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This article is for educational purposes and does not constitute legal or tax advice. For specific advice applicable to your business, please contact a professional.
Paying bills to suppliers or vendors is a fundamental part of regular business operations for companies. Finding the most time-efficient and cost-effective way to settle debts on time can positively impact your business finances and your ability to forecast future decisions.
For the business owners receiving and relying on those payments, they may offer incentives in exchange for consistency. According to a recent PYMNTS survey, on average, small business owners will offer a 4.1% discount in exchange for early payments. As the debtor in this partnership, here are a few best practices for making the most of your accounts payable.
Why accounts payable is important for business owners
Accounts payable is a critical part of your cash flow management. By paying vendors and bills on time, you can better manage your overall business finances. In fact, in a recent survey by PYMNTS and Routable, 98% of respondents say automated AP will improve their speed of managing payables. Respondents also largely placed speed of payments, visibility and transparency of those payments, and data security as top areas where AP automation could be impactful.
Not only can having a positive relationship with vendors and suppliers be beneficial for your business, but it can also help you track and manage your cash flow. Accounts payable departments and professionals play a critical role in preventing fraud by making sure payments are delivered to the correct supplier or vendor.
What is the difference between accounts payable and accounts receivable?
Accounts receivable is the money owed to a business by its debtors. Debtors in this case might refer to a customer. Accounts payable, on the other hand, is the money a business owes to its suppliers and vendors. Keeping track of your business’s accounts receivable and accounts payable can help you manage your cash flow. Accounts receivable are cash inflows, while accounts payable are cash outflows. Both of them will be reflected in your company’s balance sheet under assets and liabilities.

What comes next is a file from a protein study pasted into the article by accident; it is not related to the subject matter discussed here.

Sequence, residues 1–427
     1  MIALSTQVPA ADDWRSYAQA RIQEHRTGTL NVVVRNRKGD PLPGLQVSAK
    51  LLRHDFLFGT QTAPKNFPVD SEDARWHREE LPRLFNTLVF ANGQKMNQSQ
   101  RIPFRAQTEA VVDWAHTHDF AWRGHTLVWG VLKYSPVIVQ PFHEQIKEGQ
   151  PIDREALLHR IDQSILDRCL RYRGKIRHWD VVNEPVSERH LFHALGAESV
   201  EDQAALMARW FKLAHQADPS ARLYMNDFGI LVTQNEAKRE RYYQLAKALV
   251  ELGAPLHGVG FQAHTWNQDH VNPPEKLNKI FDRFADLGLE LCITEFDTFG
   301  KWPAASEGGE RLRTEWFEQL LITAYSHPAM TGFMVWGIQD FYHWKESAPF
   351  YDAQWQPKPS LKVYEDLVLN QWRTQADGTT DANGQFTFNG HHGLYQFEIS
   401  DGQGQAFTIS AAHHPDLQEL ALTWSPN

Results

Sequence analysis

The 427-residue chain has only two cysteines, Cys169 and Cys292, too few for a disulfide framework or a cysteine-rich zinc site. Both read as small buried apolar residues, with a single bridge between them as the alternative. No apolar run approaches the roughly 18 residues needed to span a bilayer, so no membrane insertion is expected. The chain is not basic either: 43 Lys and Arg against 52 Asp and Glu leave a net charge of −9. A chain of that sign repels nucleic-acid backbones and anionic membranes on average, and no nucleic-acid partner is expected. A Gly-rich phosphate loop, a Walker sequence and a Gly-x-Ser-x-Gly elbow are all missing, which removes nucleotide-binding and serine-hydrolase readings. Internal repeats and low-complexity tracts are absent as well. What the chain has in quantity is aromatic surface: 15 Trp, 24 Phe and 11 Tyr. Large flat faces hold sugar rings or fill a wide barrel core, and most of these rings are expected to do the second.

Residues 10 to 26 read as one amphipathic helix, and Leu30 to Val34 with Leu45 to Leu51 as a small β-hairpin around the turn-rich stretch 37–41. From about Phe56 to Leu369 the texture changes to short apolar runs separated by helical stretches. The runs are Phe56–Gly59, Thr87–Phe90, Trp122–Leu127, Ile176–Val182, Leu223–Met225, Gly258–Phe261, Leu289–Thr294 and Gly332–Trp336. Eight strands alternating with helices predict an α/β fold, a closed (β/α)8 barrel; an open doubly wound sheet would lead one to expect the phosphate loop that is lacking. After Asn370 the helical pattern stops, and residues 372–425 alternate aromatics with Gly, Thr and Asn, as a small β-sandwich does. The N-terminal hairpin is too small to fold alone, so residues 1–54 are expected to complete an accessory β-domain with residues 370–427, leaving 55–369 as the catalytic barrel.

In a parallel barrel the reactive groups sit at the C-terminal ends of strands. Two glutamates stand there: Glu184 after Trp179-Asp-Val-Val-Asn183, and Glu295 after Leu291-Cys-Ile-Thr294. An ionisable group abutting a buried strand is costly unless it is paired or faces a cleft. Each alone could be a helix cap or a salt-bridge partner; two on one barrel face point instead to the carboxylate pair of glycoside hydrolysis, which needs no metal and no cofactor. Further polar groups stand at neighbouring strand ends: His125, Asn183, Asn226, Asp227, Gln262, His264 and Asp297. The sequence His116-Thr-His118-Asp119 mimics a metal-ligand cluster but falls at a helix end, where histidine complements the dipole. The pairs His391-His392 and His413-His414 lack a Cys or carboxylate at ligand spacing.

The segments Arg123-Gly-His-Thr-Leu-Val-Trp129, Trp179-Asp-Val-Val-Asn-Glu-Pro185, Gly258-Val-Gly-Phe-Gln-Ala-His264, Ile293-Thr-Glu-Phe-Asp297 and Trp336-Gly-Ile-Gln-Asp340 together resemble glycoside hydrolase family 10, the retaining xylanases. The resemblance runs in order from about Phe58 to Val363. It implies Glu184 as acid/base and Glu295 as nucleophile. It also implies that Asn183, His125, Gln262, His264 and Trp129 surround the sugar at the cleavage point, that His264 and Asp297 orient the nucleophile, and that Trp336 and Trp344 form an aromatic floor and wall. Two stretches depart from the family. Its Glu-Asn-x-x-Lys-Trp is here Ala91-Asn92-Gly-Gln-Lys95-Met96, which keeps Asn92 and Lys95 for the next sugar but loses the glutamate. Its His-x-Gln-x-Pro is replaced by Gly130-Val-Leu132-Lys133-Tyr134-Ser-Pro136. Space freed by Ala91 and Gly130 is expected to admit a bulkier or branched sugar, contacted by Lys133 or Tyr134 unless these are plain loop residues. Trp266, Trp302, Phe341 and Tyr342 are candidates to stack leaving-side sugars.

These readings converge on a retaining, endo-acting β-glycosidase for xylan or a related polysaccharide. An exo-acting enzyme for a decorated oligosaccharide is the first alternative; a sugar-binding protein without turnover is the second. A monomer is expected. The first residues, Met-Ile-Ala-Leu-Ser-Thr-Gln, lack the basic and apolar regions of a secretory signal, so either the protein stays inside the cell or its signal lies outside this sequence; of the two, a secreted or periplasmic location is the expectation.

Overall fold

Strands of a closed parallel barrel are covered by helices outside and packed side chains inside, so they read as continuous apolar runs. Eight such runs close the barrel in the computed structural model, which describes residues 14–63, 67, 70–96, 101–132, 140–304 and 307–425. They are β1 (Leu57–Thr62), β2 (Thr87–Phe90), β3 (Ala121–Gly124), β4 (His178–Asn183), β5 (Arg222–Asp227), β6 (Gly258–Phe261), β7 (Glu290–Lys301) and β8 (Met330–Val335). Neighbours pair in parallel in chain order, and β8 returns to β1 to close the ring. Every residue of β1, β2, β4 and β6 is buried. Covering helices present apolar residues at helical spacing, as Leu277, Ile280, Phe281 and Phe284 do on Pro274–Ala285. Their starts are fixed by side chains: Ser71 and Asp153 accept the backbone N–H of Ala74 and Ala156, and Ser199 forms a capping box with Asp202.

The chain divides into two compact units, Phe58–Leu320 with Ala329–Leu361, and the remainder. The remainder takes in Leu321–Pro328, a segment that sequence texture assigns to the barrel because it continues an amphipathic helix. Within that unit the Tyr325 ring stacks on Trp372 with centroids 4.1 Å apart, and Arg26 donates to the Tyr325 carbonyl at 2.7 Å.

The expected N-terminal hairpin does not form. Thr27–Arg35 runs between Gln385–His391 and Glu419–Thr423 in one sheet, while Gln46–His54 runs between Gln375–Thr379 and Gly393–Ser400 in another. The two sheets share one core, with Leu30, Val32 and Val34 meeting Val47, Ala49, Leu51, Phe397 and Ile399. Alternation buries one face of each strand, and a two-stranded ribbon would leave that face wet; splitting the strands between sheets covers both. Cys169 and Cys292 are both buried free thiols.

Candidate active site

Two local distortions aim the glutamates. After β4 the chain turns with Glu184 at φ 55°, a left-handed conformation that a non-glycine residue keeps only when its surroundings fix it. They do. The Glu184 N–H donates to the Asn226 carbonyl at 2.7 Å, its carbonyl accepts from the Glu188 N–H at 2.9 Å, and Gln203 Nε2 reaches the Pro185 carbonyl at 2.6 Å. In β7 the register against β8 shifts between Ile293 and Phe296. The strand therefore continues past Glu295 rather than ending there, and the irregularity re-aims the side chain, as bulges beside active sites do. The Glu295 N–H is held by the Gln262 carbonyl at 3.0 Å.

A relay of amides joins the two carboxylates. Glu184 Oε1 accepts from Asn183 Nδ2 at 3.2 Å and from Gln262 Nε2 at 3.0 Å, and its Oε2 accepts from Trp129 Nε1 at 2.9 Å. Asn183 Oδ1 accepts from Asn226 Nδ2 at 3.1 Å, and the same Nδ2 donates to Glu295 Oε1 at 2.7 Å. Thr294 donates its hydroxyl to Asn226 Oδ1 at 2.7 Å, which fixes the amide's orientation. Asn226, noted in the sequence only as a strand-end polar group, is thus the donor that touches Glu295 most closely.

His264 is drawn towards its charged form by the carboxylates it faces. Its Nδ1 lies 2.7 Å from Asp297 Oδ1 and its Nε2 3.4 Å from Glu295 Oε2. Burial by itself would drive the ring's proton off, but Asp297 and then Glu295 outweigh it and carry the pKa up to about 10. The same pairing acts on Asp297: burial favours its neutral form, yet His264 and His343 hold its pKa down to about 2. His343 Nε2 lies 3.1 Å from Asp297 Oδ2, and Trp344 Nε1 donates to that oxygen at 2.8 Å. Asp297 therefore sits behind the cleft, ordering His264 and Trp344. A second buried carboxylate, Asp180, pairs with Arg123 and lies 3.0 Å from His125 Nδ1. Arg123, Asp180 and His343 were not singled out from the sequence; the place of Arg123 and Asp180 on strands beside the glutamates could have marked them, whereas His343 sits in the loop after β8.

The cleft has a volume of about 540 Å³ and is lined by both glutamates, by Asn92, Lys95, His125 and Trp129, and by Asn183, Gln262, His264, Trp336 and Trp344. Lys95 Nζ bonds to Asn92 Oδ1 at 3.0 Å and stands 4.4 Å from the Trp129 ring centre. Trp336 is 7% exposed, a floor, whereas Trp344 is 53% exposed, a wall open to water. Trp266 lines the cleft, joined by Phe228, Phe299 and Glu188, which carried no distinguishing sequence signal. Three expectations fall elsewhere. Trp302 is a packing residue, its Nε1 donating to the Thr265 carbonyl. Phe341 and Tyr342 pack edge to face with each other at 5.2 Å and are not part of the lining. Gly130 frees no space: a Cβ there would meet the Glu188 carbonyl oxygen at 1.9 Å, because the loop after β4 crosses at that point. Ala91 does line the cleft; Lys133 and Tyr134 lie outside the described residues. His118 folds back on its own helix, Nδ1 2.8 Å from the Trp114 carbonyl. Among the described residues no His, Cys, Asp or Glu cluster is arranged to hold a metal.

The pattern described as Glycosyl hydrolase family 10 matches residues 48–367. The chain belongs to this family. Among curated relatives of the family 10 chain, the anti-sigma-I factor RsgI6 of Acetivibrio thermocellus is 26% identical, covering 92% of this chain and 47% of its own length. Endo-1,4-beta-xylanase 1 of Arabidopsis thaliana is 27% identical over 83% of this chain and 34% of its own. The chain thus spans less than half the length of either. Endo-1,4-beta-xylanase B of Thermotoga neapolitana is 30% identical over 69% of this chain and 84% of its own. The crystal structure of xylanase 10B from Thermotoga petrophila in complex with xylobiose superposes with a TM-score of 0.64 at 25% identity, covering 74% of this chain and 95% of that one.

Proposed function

If you run a clothing store, for example, you may see accounts receivable in the form of sales that haven’t been paid yet, such as a large order that you haven’t received an payment on the invoice for. Accounts payable in this business could look like inventory purchases or marketing and advertising expenses for your business. They may also include any store repairs or shipping costs.
Strategies for managing accounts payable
If you get in the habit of paying often or even ahead of time, you will not only have better sightlines into your business finances, but you may be able to negotiate reductions in exchange for early payments. Some vendors may offer discounts for invoice payments before the date they are due. There are additional ways you can optimize your accounts payable.
- Use invoice management software: If you are a Square seller and use Square Invoices, Square Bill Pay allows you to organize and streamline paying bills and vendors using your Square Checking account (or any debit or credit card). You can upload a bill, choose how you want to pay, and send a payment through to pay for expenses like rent, supplies, or contractors.
- Work with a professional: Maintaining a record of your accounts payable and receivable helps you keep track of your business’s cash inflows and outflows. If you are working with an accountant or tax professional, this may come in handy for filing taxes or forecasting business decisions.
- Automation: Consider software that can automate your accounts payable. This can help schedule payments and monitor whether they go through. Depending on the software, this can catch errors like double payments or missing a payment deadline.
- Set favorable payment terms: By paying bills ahead of time or on time consistently, you may be able to negotiate more favorable terms with your suppliers. These terms could range from discounts for early payments to extended payment periods.
- Optimize tracking: You can leverage centralized accounts payable systems to make sure your business stays compliant with payment-related requirements, whether you use software or a professional. You can also regularly review your expenses and use that information to inform business decisions. For example, you may find opportunities to source alternative suppliers or vendors based on your findings.
Whether you are looking to decrease errors, organize your payments, or simply understand how your accounts payable processes are working, consider some of these strategies. Upholding these best practices can ensure accurate record-keeping, regularly monitor cash outflows, and help you budget and forecast.